Australian Government, UNDP Approve Additional PhP184.9M to CCC for DRRM in 12 Yolanda Areas

The Australian Government, UNDP approved additional contribution of PhP 184.9 Million to Climate Change Commission for Disaster Risk Reduction and Management in 12 areas affected by Typhoon Yolanda

MANILA, Philippines, 31 May 2014— As the Philippines moves forward on the road to recovery after Typhoon Yolanda, the Australian Government and the United Nations Development Programme (UNDP) announced on May 2014 an additional contribution of US$4.3 M to the Australian Aid Programme-UNDP-Climate Change Commission (CCC) Project Climate Twin Phoenix for its disaster risk reduction and management efforts in the areas affected by Typhoon Yolanda. The announcement was made with two major events as backdrop: the hosting of the Philippines of the Asia-Europe Meeting (ASEM) on disaster risk reduction and management on June 4-6 and the celebration of the United Nation’s World Environment Day on June 5.

“Our partnership with the Australian Government and UNDP has strengthened over the past years after the successful implementation of our joint initiative—Project Climate Twin Phoenix, in the cities (Cagayan de Oro and Iligan in Region X) severely affected by Typhoon Sendong in 2011 and the provinces (Davao Oriental and Compostela Valley in Region XI) hardest hit by Typhoon Pablo in 2012”, says CCC Vice Chairperson, Secretary Lucille Sering.

“The Climate Change Commission receives this additional funding with the challenge of working closely with communities and involving them in the process so they are empowered to understand their vulnerabilities and are made better equipped to take responsibility in managing their disaster risks” Secretary Sering added.

Initially covering the Sendong and Pablo areas only, the additional support will now be used to implement an expansion of the project in 12 local government units (LGUs) of Eastern Visayas. Dubbed as the Resilience and Preparedness for Inclusive Development (RAPID) Program, this initiative builds on the work done by Project Climate Twin Phoenix and similarly strives to strengthen the institutional capacities for disaster risk reduction and management of government at the local level as well as to mainstream climate change adaptation and disaster risk reduction and management in local development and land use plans and into the national policy framework, as a whole.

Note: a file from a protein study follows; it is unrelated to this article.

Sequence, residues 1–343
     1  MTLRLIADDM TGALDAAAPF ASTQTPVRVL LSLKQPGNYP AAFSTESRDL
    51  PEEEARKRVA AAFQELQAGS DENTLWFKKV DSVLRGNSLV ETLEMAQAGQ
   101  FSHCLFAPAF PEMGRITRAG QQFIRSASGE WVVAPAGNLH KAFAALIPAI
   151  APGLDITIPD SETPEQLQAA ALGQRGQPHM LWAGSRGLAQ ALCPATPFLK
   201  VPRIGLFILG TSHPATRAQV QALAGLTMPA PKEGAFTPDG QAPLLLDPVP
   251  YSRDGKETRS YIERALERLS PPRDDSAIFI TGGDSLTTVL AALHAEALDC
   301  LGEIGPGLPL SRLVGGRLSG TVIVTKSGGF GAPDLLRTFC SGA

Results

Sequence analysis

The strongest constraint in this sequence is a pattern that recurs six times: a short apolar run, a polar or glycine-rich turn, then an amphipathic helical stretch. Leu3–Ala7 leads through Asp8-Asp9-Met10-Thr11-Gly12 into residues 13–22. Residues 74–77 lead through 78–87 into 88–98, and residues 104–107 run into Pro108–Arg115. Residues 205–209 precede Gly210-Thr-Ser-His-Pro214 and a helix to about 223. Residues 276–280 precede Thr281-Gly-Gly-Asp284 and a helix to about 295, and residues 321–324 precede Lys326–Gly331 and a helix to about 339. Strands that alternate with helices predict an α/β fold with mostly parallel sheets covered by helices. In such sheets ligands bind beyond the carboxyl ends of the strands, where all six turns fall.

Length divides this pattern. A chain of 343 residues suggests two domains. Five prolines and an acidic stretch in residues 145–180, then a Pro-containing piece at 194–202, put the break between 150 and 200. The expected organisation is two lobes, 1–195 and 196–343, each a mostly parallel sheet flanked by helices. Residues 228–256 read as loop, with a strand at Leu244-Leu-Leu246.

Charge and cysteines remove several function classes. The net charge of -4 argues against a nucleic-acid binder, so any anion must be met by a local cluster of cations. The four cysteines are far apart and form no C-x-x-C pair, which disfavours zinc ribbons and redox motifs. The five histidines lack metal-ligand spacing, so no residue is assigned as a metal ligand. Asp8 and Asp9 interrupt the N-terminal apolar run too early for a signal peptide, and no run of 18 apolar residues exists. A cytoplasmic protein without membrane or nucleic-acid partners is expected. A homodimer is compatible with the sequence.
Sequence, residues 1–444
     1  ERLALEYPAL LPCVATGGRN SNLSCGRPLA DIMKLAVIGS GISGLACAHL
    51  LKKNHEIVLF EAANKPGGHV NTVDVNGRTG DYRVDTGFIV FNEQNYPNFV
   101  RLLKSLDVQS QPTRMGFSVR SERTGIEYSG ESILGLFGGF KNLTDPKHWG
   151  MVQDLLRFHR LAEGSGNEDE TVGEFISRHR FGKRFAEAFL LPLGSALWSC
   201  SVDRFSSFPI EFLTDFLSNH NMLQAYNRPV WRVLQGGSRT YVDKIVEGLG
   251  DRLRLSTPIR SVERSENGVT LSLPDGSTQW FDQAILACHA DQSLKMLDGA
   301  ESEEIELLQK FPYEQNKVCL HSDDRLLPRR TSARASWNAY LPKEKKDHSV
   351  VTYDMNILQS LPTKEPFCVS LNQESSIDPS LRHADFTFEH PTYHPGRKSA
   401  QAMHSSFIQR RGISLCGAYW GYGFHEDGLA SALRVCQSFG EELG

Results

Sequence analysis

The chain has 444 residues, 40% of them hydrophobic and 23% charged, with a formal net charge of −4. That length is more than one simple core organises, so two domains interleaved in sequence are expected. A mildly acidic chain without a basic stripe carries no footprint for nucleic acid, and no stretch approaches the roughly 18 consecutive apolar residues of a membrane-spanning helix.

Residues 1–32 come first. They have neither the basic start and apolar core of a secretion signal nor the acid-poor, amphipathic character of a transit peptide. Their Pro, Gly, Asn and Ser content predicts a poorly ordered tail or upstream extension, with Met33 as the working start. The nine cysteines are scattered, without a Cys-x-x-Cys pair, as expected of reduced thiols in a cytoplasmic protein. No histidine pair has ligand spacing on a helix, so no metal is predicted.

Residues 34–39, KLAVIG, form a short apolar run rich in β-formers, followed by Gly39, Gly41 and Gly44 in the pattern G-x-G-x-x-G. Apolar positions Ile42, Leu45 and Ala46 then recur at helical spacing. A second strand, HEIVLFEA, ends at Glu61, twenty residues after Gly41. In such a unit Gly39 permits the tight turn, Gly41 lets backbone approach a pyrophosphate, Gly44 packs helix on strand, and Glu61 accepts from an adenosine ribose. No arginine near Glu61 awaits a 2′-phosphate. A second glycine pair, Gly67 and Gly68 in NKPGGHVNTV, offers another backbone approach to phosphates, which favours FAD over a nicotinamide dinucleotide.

“The UNDP has been actively providing technical assistance to the government, specifically the Climate Change Commission, to put in place a long term capacity development program for cities and municipalities by addressing disaster risks from climate change and other related natural hazards”, says (UNDP Representative).

“This includes support for short-term programs aimed to enhance the institutional capacity and individual competency of key players in disaster risk reduction and management.”

The RAPID Program targets rural communities along the coastline of San Pedro and San Pablo Bay which have been identified to be vulnerable to the impacts of climate change such as sea level rise and extreme weather events such as storms and floods. These coastal communities include Tacloban city, the seven municipalities in the province of Leyte, and four municipalities in the provinces of Western and Eastern Samar as partner LGUs or roughly 98, 531 households.

Benefiting from the knowledge acquired under Project Climate Twin Phoenix, the RAPID Program will implement various activities such as the conduct of intensive vulnerability assessment, formulation and testing of local contingency plans and early warning systems, use of technologies in multi-hazard mapping to integrate climate and disaster risks into planning, and training of local partners and community leaders to build their capacities to respond to and manage their own risks.

“The Australian government is very positive that through its additional $4 million support to CCC and with assistance from UNDP, the RAPID Program will be able to make a real difference in helping communities affected by typhoon Yolanda to know their risks, reduce their vulnerabilities, and, ultimately, regain their resilience”, says (the Australian government’s Representative).The CCC and UNDP will implement this project as an expansion of Project Climate Twin Phoenix.

On November 2013, Typhoon Yolanda wreaked havoc in Eastern Visayas and left almost 4 million people homeless and damaged close to P89.6 billion worth of property and infrastructure. Six months after the massive destruction brought by the typhoon, thousands of families in the affected areas have yet to get back on their feet and recover their livelihoods amid a worsening environmental situation.

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